Sensors and actuators can be implemented conveniently with the bit-based network CC-Link/LT. Furthermore, time and effort is saved with connection of field devices with a control cabinet. As potential wiring errors are prevented with the aid of profile lines, the installation time is also reduced to a minimum. Based on CC-Link, the use of three-wire standard lines is possible with CC-Link/LT.
CC-Link Safety identifies especially those data transfer errors, which could affect the emergency OFF function and thus cause a production loss. In this way, machines are quickly brought to uncritical status with the aid of the CC-Link safety function. A CC-Link Safety layer, which overlays the top CC-Link protocol layer and this localizes communication errors quickly, is responsible for this practical function. While a CC-Link Safety master module takes the dominant role, CC-Link Safety is considered a protocol extension, which guarantees parallel use of CC-Link Safety devices and standard CC-Link devices.
CC-Link IE is the most widely distributed and most frequently used CC-Link network. CC-Link IE stands for Control and Communications Link Industrial Ethernet and takes care of the requirement to guarantee universal and smooth data communication on all levels in industrial automation technology - from the routing level to the manufacturing level. CC-Link, available as fieldbus as well as a control network, is the basis for CC-Link IE. Combination of the CC-Link IE controller network with the CC-Link IE field network thus enables the communication of late data quantities and the connection to networks with other devices.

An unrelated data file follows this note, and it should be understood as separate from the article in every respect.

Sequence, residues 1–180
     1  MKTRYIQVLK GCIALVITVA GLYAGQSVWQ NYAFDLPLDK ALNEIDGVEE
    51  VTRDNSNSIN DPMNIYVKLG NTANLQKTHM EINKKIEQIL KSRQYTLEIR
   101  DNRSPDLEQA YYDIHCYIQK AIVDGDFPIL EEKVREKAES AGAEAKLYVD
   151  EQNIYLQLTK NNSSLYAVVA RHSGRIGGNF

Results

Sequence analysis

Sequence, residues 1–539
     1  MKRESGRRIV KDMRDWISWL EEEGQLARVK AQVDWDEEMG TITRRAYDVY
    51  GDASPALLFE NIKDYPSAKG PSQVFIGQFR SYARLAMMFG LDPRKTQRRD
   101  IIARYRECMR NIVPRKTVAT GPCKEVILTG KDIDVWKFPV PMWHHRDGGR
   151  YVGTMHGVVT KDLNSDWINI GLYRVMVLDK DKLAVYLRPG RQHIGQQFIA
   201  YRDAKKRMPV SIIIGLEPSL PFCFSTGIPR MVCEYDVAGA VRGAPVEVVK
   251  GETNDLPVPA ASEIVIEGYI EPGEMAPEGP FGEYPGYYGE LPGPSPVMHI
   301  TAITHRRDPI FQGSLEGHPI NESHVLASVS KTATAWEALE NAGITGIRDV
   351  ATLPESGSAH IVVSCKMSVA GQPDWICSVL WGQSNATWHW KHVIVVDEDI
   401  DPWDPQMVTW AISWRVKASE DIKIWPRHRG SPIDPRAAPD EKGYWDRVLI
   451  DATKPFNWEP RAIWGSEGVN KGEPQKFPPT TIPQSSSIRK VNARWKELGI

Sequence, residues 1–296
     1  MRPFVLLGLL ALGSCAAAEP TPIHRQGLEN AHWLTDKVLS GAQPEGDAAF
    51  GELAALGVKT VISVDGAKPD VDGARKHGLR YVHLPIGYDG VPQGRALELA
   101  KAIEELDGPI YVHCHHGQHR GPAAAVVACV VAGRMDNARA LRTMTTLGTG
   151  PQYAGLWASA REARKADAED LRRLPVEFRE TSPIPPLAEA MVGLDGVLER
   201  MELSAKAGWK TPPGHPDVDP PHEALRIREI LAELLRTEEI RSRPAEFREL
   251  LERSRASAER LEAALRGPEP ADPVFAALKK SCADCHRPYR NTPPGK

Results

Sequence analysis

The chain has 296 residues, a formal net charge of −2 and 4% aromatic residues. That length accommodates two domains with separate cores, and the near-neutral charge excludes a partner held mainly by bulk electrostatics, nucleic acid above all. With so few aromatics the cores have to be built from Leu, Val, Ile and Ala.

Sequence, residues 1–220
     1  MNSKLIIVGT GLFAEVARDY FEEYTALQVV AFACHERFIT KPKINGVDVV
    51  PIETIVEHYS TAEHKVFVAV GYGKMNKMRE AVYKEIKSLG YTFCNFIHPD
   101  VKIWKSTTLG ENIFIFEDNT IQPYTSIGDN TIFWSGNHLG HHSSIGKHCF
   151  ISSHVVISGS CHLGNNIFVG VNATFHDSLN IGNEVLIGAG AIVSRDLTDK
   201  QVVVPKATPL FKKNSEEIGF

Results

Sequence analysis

Characteristics of CC-Link IE Field:
- Device exchange is possible during operation. While a shut-down is averted, individual network stations can be implemented without problems in the running network.
- Decentralized inputs and outputs enable a high speed for the data exchange (1 Gbps). This is supported by the deterministic real-time protocol. Operation and monitoring of the devices can be performed as well as transfer of data in the control range.
- Existing equipment, tools, and knowledge make wiring of the CC-Link IR field network. The costs for planning, start-up and maintenance go down, as no knowledge of network diagnosis or configuration is required. Individual system configurations in the form of bus or star topology or their combination are possible. Device control also does not require network knowledge, a common memory is sufficient.
- With the aid of the seamless network environment and the CC-Link IE network, configuration software can access the individual devices on the manufacturing level. Monitoring and adjustment of the devices is thus possible from any location, which clearly increases the planning efficiency.
In contrast to a star-shaped network (expensive switches), low-priced switches without a management function can be used with a CC-Link IE field network. Furthermore, hubs are not required if bus topology or ring topology is used. This results in attractive savings